Martin Scorsese, doing period pieces??
Daniel Day-Lewis stars as Newland Archer, a well-bred New Yorker engaged to an appropriate match: cultured May Welland (Winona Ryder). But when her alluring cousin, Ellen Olenska (Michelle Pfeiffer), comes along, Archer puts society’s mores to the test.
Martin Scorsese is most known for directing all the violent gangster epics, and places this film in New York, but in the 1870s, where the violence isn’t physical, its psychological.
Scorsese’s direction is what really wins this film over, because unlike many other period pieces, this does not get very boring. The film isn’t lightning quick fast like Goodfellas, or Mean Streets, but it still has that fairly mild pacing that keeps our eyes glued to the screen. There is also plenty of great things to look at, with many vibrant colors coming into one scene, and then another, showing this world as if it were a rainbow, with so many dirty little secrets inside, not to quote the All American Rejects. Scorsese shows that with this film he can not just make films about people getting whacked, but more poignant stories about love and tranquility.
But really no film would be anything without a great script, and that is surprisingly what this film has. There are a lot of stereotypes that period pieces have, about everybody in the film being all goody goody rich S.O.B’s, but that’s what Scorsese knocks down, and shows differently. His script is very well-written showing how all these people hide behind their lies, and act as if nothing is wrong, and what if somebody was to go against that? Would it be wrong to do, or would it be just the right thing? The film hits the nail on the head, right when it comes to this forbidden love and actually showing these two people as human beings, who have a need for love in their life, rather than just money, and being spoiled. We really get a sense and feel for this love triangle, and you don’t get that much nowadays. We always get car chases, gun battles, and over-the-top fist fights, but never this much pain, and feeling it.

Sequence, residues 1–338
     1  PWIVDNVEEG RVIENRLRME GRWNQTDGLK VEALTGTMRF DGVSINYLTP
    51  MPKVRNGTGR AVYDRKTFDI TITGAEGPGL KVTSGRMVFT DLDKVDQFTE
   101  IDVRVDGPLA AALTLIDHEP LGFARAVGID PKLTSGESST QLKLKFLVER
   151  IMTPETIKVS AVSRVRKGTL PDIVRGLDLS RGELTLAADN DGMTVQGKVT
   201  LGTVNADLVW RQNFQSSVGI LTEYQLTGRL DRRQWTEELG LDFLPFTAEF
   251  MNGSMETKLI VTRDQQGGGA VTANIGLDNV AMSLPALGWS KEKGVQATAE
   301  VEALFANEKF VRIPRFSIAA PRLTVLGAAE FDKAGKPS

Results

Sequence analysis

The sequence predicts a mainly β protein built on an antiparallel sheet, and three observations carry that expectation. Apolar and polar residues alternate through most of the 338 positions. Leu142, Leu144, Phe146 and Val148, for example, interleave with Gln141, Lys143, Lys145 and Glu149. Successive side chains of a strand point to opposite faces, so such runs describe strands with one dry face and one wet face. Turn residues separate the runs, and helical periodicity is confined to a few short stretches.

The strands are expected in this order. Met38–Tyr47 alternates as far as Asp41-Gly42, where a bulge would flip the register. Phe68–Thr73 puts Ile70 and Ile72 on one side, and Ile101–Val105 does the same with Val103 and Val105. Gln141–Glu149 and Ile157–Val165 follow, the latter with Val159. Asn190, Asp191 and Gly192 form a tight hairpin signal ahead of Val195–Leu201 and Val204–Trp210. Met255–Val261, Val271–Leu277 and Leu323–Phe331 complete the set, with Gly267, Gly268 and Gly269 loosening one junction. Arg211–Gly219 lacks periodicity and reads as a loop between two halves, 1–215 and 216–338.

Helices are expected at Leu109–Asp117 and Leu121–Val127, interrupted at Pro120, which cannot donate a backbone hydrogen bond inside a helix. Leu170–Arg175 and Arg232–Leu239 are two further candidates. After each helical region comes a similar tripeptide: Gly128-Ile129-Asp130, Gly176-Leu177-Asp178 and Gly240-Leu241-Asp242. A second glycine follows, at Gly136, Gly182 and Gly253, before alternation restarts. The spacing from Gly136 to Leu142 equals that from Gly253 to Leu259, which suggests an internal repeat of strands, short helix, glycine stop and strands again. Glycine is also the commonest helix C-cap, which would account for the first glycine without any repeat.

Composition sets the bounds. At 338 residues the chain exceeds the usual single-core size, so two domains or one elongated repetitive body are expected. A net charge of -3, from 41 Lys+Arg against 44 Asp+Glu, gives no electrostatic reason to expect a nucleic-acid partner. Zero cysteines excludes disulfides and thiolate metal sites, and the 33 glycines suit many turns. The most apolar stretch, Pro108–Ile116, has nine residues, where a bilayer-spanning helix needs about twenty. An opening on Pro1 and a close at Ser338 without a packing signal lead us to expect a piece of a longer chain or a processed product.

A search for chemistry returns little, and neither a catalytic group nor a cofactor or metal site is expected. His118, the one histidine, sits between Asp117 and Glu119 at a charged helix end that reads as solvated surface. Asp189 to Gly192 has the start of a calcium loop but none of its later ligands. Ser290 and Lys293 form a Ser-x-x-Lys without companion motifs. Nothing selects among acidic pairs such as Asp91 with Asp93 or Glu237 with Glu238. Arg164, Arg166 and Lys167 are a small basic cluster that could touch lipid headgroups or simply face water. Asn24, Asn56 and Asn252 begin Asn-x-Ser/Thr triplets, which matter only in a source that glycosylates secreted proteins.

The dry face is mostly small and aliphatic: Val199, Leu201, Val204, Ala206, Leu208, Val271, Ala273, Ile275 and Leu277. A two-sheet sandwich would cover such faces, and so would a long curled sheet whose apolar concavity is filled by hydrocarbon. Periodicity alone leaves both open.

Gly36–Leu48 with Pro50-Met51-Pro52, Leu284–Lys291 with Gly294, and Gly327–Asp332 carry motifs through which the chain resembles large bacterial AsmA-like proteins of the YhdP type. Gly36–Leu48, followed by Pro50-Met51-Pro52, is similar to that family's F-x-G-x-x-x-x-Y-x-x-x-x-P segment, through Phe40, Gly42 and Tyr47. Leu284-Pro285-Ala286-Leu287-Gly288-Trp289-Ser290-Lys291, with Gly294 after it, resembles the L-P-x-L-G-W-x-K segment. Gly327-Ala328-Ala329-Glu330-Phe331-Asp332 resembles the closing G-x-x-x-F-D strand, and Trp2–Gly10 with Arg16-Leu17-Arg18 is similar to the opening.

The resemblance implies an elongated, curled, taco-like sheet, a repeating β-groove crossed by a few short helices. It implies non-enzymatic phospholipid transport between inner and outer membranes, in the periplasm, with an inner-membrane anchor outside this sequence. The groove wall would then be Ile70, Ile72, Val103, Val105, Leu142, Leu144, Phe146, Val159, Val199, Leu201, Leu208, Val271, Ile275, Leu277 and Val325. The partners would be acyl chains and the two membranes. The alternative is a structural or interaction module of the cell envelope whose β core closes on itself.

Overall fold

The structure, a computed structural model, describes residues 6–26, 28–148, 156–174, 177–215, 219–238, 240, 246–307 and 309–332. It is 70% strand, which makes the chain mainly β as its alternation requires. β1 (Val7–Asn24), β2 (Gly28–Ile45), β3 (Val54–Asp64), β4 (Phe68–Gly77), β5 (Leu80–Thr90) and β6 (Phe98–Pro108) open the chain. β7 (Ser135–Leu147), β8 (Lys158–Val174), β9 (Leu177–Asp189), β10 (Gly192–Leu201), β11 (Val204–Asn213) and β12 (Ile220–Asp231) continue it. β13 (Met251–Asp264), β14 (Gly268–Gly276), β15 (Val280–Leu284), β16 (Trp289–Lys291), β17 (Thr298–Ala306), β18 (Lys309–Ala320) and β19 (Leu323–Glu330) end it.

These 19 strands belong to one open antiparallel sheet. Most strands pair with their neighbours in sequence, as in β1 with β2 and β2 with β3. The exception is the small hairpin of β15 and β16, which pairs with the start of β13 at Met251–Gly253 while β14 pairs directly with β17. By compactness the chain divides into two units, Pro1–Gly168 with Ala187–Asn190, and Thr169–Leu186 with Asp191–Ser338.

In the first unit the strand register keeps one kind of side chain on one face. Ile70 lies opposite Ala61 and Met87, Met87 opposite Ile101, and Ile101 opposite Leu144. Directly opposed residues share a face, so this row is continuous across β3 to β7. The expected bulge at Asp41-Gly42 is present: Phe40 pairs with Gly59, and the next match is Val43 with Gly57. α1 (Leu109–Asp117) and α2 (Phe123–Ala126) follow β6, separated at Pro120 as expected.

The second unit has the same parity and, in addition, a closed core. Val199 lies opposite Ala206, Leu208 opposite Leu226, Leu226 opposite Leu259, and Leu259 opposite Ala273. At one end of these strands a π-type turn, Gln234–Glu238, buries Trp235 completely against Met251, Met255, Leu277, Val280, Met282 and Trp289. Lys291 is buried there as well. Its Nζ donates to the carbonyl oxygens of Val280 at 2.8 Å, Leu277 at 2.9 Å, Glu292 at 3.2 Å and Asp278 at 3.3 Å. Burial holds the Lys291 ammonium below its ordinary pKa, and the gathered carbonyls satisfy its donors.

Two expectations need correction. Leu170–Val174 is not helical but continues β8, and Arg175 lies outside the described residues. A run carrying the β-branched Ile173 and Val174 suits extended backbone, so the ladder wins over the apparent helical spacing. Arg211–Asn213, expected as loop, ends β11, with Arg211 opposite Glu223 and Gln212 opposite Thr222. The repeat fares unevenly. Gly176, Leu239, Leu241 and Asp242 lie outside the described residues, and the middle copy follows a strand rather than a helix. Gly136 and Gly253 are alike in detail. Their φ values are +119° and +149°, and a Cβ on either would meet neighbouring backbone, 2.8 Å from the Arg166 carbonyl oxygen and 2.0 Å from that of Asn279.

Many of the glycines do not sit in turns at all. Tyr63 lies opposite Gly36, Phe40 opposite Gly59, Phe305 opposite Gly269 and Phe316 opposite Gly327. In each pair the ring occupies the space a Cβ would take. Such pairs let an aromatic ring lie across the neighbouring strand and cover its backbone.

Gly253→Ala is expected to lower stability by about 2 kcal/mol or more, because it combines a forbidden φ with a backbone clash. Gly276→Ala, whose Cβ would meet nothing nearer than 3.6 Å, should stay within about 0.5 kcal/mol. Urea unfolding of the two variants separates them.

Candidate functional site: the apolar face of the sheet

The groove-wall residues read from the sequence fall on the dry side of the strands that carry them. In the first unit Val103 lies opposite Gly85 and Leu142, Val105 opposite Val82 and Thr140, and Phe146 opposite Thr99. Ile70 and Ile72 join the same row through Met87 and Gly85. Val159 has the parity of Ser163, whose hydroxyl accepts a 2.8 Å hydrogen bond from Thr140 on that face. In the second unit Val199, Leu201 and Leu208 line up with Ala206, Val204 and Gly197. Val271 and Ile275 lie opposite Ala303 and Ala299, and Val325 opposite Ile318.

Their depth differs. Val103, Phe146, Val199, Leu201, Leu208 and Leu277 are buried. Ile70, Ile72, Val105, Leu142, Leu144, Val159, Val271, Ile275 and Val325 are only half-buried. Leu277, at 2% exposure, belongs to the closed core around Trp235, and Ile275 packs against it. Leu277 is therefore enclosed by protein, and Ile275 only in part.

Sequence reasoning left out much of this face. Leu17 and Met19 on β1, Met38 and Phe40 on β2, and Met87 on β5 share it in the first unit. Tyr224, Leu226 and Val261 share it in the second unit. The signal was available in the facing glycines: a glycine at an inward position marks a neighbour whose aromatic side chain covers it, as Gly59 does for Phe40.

The main problem I had with this film was although its still a nice departure from Scorsese’s gangster flicks, it still doesn’t seem like this is the kind of movie he wants to make. I think what he was trying to do was take a departure from his recent violent films, and try something a little different and see where it goes from there. When you watch Goodfellas you can tell there is a lot of inspiration going on behind the camera, right here, ehh not so much. Don’t get me wrong the film is good, its just that in ways, it could have been better with a different director, who isn’t used to all this blood and gore.
Daniel Day-Lewis as usual is very good here and gives off a performance that not many know, because of the second time Scorsese and him collaborated on was in 2002 with Gangs of New York.
What happens when you do too many period pieces.
He is not only effective, just because of the emotion he shows, but also the fact that his character does a total change in the middle of the movie, and you can believe it. Pfeiffer is very powerful in her performance showing a huge great deal of star-quality, with her wise/old character, but proves that age doesn’t mean a thing, when you can show emotion like her. Day-Lewis and her show a lot of good chemistry, especially when their both not trying to caught together. Ryder is also surprisingly very good here, and its actually a real shocker. The screenplay has her character out to be a one-note sucker for Day-Lewis’ character, but instead she brings plenty of believable emotion into the character, and makes her a better character with that emotion she gives off.
Consensus: Though Scorsese’s heart is not behind this material such as others like Goodfellas or Mean Streets, The Age of Innocence is still a nice departure from those gangster flicks, with a pitch-perfect screenplay, lush visuals, and great performances from the cast.